Welcome back to Monday Magic: COVID Edition. While the last, now fifteen weeks, have been a difficult time to play games of Magic, let alone focus on new cards and set releases, that hasn’t stopped Wizards of the Coast from contuing to release their product at roughly their regular annual schedule.
Indeed, since just March 2020, next week Wizards is poised to release its fourth set, starting with its jumbled Ikoria release, followed by Core Set 2021 and its associated booster-based supplement Jumpstart, and soon, the tourney-focused supplement for the year, Double Masters. This says nothing of its Ikoria Commander decks and its summer Secret Lair premium products.
In a normal year, that’s a lot of cards to push out in a 5 month period. During a pandemic? That’s down right staggering.
On the one hand, you can’t really blame them. That die had already been cast months ago. Their release schedule is set at least a year in advance, and most of these products were already in production or already complete once the shutdowns started. Despite some minor shipping delays coming out of China early on, the company’s product operations have seen little disruption, something for which we’re sure it’s parent Hasbro was quite happy about. Capitalism has to capitalism after all.
On the other hand, it would be foolish to pretend that the community has the same level of interest and enthusiasm as they normally would. With the tournament circuit all but shuttered, a majority of its player base unable to interact with one another in person (hello!), many scaling back purchases due to financial concerns, and local game stores – the lifeblood of Magic’s existence – either temporarily closed or operating at a fraction of their normal levels, the product may be flowing, but outside of the internet you’re not seeing the same rapacious consumption of the game as you normally would.
Case in point: although it has been out nearly a month now, the 2021 Core Set is still worth talking about. Due to the delayed pacing of how casual Magic players are taking in Magic content right now, M21 is still very much a new set in their eyes.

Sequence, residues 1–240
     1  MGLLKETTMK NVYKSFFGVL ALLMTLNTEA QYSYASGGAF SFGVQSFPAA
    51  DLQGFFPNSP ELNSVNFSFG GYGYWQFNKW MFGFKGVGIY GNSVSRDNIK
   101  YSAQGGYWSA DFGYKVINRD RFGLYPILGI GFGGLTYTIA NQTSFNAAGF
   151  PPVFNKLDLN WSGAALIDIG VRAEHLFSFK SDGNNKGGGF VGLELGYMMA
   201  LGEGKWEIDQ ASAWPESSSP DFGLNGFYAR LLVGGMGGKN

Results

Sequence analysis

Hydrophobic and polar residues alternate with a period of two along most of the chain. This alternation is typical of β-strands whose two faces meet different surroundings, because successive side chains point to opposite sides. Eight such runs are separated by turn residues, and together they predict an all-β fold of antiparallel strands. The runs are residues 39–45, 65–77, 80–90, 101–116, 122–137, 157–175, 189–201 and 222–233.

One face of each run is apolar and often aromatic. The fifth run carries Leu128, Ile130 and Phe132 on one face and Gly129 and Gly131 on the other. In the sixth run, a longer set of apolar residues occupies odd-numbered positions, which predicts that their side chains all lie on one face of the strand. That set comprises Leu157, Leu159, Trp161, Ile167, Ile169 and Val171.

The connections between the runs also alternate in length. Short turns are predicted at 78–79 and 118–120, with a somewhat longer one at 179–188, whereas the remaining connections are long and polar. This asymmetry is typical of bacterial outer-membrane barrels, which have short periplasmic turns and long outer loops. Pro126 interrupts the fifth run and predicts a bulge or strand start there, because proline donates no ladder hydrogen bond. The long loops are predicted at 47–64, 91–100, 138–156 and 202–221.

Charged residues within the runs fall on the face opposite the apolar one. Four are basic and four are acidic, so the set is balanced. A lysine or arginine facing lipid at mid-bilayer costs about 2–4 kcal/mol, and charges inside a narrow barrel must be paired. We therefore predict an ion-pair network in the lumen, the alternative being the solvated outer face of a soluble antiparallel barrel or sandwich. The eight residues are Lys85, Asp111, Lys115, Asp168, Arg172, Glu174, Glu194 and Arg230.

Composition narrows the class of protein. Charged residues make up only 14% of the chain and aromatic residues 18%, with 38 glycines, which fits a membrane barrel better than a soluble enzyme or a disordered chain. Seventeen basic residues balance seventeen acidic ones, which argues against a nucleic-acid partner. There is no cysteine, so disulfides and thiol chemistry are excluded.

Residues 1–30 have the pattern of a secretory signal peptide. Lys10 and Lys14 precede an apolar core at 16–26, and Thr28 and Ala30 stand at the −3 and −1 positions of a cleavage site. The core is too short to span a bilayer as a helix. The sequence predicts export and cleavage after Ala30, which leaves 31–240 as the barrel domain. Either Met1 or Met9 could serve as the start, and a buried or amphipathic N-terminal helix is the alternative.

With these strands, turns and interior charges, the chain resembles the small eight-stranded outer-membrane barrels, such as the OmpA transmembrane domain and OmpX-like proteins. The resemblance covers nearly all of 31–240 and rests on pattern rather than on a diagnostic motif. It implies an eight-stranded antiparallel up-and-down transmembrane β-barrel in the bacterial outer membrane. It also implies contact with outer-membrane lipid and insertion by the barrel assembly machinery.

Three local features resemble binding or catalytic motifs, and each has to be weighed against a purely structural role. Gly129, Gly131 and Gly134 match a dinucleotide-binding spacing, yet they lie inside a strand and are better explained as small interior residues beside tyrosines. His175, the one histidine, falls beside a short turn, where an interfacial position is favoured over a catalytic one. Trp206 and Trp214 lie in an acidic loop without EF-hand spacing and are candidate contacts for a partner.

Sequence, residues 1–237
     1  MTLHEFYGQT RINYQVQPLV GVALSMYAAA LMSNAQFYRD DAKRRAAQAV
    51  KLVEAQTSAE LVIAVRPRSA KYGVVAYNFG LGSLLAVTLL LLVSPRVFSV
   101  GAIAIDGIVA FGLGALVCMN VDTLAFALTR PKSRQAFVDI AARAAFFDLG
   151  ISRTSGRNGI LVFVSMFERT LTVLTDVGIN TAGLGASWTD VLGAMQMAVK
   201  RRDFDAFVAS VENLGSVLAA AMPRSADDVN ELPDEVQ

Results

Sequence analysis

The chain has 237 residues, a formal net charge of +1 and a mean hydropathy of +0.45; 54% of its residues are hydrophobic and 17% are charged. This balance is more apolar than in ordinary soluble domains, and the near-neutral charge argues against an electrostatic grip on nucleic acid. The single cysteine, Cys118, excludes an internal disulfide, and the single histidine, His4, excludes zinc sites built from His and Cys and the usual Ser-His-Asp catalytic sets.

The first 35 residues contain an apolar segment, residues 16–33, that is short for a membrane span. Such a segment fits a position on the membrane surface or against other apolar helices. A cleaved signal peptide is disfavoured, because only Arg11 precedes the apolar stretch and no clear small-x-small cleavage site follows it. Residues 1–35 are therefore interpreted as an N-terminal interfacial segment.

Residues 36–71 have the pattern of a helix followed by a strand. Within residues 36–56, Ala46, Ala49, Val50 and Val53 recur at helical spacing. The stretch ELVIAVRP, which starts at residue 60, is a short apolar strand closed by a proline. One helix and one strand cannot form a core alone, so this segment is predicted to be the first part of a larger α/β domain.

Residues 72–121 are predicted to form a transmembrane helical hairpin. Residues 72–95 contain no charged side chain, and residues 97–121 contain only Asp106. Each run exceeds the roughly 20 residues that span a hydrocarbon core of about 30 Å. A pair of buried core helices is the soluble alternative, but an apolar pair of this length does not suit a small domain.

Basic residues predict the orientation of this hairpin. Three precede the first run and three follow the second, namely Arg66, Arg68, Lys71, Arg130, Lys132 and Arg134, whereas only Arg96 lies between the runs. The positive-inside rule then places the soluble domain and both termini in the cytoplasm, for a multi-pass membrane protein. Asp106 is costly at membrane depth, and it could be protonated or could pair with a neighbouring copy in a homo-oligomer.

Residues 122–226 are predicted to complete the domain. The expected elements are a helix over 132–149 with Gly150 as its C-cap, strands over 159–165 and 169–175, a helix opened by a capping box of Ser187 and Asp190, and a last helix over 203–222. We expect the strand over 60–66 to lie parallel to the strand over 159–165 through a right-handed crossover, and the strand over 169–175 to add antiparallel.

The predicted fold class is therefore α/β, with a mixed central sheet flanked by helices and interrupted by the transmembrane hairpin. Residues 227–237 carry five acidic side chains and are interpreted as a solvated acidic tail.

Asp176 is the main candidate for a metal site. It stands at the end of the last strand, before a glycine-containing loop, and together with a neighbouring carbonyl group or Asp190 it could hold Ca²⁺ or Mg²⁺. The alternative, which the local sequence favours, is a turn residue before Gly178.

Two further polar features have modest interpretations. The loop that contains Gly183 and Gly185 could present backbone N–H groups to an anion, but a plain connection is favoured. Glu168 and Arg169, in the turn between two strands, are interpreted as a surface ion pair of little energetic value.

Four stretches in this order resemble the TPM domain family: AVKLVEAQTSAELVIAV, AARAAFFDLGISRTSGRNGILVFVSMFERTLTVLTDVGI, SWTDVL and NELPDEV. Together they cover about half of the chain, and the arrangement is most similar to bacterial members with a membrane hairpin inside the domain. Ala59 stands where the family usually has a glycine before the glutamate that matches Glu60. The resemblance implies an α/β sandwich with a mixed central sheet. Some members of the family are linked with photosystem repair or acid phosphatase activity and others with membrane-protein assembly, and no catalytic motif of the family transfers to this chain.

With that in mind, this week and next we’re going to dive into this set and look at some of the most worthwhile multiplayer cards that Core 2021 has to offer. While there certainly are some Magic players that lament core sets for being a bit on the boring side, don’t be fooled into thinking there aren’t copious multiplayer friendly cards worthy of your attention.
So let’s dive into the top ten most versatile Commander cards of Core 2021. As always, the goal of this list is to focus is on which cards can be utilized in the most situations and deck styles more so than those that are simply the most powerful or most valuable. I’m also focusing on new cards only – no reprints.
Even taking those restrictions into account, it wasn’t easy to narrow them down. But here we go!
Honorable Mention #1: Vito, Thorn of the Dusk Rose
In many, if not nearly all Magic formats, speed is of the utmost importance. The longer your opponent sticks around, the more opportunities there are for them to eliminate you before you eliminate them. As a result, when it comes to matters of tempo and efficiency, having particularly dangerous passive effect in creature form is particularly advantageous: it combines a potential attacker in combat with the tactical benefits that you might gain from an artifact or enchantment.
In Commander, however, the opposite is usually true. Games are longer and more complex, and creature removal is plentiful in nearly every form. Unlike it speedier counterparts, if you have the choice between creature and noncreature permanents with the same effect, the noncreature option usually is more favorable.
Brother Vito has the potential as one of those exceptions.
For three mana, this 1/3 vampire legend is a walking talking iteration of the dangerous Sanguine Bond – at two mana less. Were it just that ability alone though, it would still pale compared to its inanimate counterpart. Yet Vito also brings with it the one thing Sanguine doesn’t do by itself – give you the ability to gain life to set off its trigger. Although a five mana activation to give all your creatures lifelink for the turn would be costly nearly anywhere else, in Commander that is manageable. Doubly so if you actually have several creatures worth dragging into combat with.
Moreover, if you actually are of the fair-minded types, because a 1/3 creature with no evasion isn’t exactly the most dangerous card to deal with in this setting, it would be a more honorable option if you absolutely must also have Exquisite Blood in the deck alongside it.
Honorable Mention #2: Sublime Epiphany